Oregon, My Oregon (state song)

Oregon’s state song, “Oregon, My Oregon,” was composed by Henry B. Murtagh with lyrics by John Andrew Buchanan. Published in December 1920, it is a general paean to Oregon's scenic beauty and a tribute to the state's EuroAmerican settlers. The Oregon legislature designated “Oregon, My Oregon” as the state song in 1927, and the lyrics and song have been generally included in public school instruction about Oregon history.

In 1918, the Society of Oregon Composers embarked on a campaign to create a state song to join two already designated state symbols, the state seal (1859) and the state flower (1899). The custom of adopting a state song had a flowering during the 1910s and 1920s, following a similar trend to name state flowers in the 1890s and early 1900s. Such symbols were often adopted through a school or public contest and were usually subsequently endorsed by the state legislature.

The Society of Oregon Composers solicited citizens to submit a verse for a state song by January 31, 1919. The chosen text would then be set to music supplied by a Society composer. The 212 submissions were reviewed by a committee of five: Alta Smith, a former teacher and an advocate of women’s rights who was married to Portland businessman Elliott R. Corbett; Mabel Holmes Parsons, a poet, artist, and writing instructor for the University of Oregon; J. A. Churchill, the state superintendent of schools; Norman F. Coleman, a professor of English at Reed College; and Hopkin Jenkins, the principal of Jefferson High School in Portland.

Submissions came from throughout the state and included one from novelist Eva Emery Dye.  Popular motifs were the state’s scenic grandeur; its agricultural bounty (several contributors noted the current fad for loganberries); merchant sailor Robert Gray, captain of the Columbia Rediviva; expedition leaders Meriwether Lewis and William Clark; pioneer settlers of the 1840s and 1850s; Natives, typically depicted as vanished adversaries; and World War I.

The committee winnowed the entries to three, which were distributed to Society members, who set them to music in a separate contest. The winning combination, “Oregon, My Oregon,” was composed by Murtagh with lyrics by Buchanan, whose original three-verse poem was reduced to two. Other composers provided choral arrangements.

Henry B. Murtagh was an organist and composer who played for silent movies at the Liberty Theatre in Portland. John Buchanan was a Roseburg attorney and state representative (1909 and 1911) and served in the Oregon Coast Artillery at Fort Stevens during World War I. He and his family moved to Astoria after the war, where he practiced law and was a municipal court judge. He was well known for his interest in Pacific Northwest history and wrote poetry and essays published in magazines such as Sunset and Field and Stream. His poems are marked by tropes that include natural beauty, patriotism, Indian legends, religion, and the Industrial Age.

The text of “Oregon, My Oregon” is a short catalog of regional beauties and virtues, typical of such booster songs. In recent years, some of its phrases have been criticized as denigrating Oregon Indians and being disproportionately laudatory of the state’s white male citizenry. The lyrics include references to “empire builders,” which suggests colonial rule; to lands “conquered and held,” which emphasizes colonial usurpation; to “free men, fairest and the best,” which can be read as light-haired and racially superior in a state notorious for excluding Black residents, but may also be a reference to fairness and an easy rhyme with West; and “blest by the blood of martyrs,” a phrase that does indeed call to mind whites killed in violent conflicts with Native people.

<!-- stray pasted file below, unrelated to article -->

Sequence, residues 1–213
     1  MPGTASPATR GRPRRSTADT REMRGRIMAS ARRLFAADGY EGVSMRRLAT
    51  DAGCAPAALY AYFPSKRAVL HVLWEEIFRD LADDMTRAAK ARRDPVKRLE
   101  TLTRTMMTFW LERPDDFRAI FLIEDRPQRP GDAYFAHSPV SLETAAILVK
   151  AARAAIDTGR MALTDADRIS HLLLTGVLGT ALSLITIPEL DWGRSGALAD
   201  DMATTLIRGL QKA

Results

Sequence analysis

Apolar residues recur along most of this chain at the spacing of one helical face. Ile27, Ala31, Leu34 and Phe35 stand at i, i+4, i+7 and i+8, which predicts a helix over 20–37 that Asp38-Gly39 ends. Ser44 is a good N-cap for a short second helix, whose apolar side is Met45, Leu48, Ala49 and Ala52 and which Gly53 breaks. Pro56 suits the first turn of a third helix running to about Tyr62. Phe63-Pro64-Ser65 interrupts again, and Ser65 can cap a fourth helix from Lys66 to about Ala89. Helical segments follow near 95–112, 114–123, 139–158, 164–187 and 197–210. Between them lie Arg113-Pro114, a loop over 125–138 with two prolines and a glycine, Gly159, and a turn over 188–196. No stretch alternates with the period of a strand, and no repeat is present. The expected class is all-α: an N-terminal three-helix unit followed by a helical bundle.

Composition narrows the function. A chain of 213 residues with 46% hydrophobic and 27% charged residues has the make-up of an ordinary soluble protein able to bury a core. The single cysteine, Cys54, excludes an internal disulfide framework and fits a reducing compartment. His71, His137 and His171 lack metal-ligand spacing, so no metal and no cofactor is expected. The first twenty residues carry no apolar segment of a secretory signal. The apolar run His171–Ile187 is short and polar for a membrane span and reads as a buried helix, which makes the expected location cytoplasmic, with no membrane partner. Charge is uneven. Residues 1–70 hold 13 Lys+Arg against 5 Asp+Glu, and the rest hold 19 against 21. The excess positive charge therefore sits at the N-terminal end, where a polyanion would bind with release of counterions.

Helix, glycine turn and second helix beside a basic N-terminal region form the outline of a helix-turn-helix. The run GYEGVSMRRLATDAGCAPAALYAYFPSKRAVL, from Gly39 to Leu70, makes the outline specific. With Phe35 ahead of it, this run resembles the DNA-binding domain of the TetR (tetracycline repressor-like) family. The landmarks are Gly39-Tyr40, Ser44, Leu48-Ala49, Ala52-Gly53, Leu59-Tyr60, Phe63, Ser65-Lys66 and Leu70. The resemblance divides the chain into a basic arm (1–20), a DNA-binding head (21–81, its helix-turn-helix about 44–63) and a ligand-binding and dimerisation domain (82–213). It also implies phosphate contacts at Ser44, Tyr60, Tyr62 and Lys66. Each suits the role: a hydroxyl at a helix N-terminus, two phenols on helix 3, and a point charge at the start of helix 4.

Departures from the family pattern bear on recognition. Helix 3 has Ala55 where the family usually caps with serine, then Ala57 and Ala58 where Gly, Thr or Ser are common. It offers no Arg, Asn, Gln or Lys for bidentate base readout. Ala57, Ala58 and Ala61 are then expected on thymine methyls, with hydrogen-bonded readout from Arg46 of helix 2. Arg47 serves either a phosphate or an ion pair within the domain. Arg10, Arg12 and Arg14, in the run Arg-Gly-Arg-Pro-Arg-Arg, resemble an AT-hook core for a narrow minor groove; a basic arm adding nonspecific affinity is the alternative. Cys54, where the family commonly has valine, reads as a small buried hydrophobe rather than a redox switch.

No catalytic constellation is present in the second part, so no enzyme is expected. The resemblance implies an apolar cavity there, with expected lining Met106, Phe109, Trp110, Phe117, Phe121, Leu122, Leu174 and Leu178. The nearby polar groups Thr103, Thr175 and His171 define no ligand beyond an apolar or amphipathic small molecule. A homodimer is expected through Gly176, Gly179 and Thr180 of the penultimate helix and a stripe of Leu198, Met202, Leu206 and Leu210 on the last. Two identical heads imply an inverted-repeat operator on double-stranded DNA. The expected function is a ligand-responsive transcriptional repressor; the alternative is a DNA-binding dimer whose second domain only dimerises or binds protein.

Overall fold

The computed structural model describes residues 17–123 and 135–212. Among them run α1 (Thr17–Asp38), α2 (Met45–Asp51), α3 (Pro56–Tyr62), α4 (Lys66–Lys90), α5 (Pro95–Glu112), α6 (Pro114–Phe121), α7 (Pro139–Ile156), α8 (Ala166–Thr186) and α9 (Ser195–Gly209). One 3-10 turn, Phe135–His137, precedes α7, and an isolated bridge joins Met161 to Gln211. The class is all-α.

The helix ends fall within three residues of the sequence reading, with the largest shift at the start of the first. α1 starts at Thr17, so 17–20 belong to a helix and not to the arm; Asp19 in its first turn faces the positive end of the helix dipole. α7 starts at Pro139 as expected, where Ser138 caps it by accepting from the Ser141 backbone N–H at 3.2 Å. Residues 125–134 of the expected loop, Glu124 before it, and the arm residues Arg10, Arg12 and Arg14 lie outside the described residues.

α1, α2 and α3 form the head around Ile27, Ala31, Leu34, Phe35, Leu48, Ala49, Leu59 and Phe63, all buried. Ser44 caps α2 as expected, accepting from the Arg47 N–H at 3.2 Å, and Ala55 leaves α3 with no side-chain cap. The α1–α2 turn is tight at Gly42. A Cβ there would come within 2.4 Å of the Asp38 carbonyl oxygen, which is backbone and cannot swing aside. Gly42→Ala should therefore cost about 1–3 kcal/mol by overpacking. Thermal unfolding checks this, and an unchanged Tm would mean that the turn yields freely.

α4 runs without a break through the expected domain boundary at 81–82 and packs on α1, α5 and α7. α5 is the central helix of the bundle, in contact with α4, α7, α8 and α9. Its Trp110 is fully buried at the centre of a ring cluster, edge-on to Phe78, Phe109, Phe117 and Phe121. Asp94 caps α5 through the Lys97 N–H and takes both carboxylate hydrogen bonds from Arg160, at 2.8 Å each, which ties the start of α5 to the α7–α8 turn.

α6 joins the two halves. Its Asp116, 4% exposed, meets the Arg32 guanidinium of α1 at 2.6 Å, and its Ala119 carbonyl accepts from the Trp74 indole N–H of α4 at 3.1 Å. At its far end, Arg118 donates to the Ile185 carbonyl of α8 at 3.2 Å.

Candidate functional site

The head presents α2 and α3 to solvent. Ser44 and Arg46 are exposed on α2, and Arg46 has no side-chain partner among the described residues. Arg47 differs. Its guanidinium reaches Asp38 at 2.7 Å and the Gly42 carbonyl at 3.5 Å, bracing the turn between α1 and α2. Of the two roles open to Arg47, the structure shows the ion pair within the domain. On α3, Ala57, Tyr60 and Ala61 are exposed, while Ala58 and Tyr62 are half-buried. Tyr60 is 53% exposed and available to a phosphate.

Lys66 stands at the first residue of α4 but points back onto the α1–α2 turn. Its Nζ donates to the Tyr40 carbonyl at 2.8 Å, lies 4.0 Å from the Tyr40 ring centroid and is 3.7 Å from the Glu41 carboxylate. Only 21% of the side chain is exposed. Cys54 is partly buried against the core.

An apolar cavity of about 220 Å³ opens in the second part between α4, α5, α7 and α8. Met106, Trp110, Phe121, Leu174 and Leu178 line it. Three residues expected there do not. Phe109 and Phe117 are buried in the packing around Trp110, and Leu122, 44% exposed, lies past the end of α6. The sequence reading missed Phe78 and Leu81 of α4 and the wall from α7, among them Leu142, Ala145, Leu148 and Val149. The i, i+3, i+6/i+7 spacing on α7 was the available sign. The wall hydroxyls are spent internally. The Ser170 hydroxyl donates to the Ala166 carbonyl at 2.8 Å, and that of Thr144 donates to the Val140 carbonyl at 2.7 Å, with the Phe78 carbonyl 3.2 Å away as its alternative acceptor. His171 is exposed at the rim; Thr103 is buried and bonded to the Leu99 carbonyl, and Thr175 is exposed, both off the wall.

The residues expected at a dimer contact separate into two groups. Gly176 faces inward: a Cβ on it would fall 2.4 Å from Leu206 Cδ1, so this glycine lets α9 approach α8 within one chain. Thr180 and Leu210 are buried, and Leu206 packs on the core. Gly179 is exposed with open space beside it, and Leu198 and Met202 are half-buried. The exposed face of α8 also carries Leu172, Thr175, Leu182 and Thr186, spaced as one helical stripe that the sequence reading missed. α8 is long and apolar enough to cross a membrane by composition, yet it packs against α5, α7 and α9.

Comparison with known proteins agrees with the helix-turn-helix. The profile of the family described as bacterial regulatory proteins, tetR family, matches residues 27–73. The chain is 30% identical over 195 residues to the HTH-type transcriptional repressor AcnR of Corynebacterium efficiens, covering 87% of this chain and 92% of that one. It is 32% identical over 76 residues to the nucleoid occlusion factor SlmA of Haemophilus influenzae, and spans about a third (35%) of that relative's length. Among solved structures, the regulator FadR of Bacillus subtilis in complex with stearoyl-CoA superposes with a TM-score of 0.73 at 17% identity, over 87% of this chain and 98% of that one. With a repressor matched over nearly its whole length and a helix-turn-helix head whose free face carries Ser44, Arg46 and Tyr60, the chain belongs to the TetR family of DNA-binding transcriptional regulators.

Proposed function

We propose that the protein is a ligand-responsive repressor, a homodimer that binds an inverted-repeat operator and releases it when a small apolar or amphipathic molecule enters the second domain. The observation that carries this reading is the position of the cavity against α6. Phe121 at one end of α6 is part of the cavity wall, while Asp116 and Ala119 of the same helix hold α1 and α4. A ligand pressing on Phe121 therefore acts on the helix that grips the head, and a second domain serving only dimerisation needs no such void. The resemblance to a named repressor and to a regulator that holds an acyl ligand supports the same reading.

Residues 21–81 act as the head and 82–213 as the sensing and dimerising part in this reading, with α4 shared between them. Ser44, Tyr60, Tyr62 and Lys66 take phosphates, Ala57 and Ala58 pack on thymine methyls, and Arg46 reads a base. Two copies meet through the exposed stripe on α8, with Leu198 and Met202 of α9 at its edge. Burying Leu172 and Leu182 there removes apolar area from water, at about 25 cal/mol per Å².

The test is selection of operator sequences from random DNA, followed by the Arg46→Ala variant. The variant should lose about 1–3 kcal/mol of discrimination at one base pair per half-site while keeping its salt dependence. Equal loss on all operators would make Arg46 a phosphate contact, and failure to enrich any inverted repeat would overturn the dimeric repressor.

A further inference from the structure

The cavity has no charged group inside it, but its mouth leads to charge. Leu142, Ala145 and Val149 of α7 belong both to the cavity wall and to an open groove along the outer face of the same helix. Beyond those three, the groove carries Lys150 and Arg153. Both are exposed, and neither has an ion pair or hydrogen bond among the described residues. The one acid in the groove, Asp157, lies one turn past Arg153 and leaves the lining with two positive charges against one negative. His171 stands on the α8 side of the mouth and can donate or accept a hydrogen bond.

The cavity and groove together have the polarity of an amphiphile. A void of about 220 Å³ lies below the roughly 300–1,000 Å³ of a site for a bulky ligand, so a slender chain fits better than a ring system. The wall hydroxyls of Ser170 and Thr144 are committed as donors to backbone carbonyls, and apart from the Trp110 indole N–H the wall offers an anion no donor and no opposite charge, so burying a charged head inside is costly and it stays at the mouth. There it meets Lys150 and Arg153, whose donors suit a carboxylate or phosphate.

Buchanan’s overall tone is blandly celebratory of human striving and nature’s beauty, and the colonial sentiments in the song are broadly reflective of attitudes and values that were common among many white Oregonians when it was written. Both legislators and activists have advocated for adopting a new state song (a failed attempt was made in 2017), and Oregon could commission a new one and designate "Oregon, My Oregon" a retired or emeritus song—an approach that several states have taken.


Land of the Empire Builders, Land of the Golden West;
Conquered and held by free men, Fairest and the best.
Onward and upward ever, Forward and on, and on;
Hail to thee Land of Heroes, My Oregon.

Land of the rose and sunshine, Land of the summer’s breeze;
Laden with health and vigor, Fresh from the western seas.
Blest by the blood of martyrs, Land of the setting sun;
Hail to thee, Land of Promise, My Oregon.


Sheet music for Oregon, My Oregon, 1920
For complete version, see: https://oregondigital.org/sets/sheetmusic/oregondigital:1g05fb61q#page/1/mode/1up
University of Oregon Libraries, SCA OrColl 784 M969o


Further Reading

Cochran, Louise B. "Judge John Andrew Buchanan." Cumtux 3.3 (Summer 1983): 2-9 .

Society of Oregon Composers records, 1920-1941. MSS 1476, Oregon Historical Society, Portland. 

Stratton, Edward. "Author of state song gets new headstone in Warrenton." Astorian, December 10, 2018. https://www.dailyastorian.com/news/local/author-of-state-song-gets-new-headstone-in-warrenton/article_20046c75-72cb-56bb-9e8b-44c26263dff7.html

Granillo, Gabriel, and Julia Silverman. "Oregon's 1920s-Era State Song is Nakedly Racist." Portland Monthly, October 5, 2020. https://www.pdxmonthly.com/news-and-city-life/2020/10/oregon-s-1920s-era-state-song-is-nakedly-racist

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This entry was last updated on Dec. 30, 2020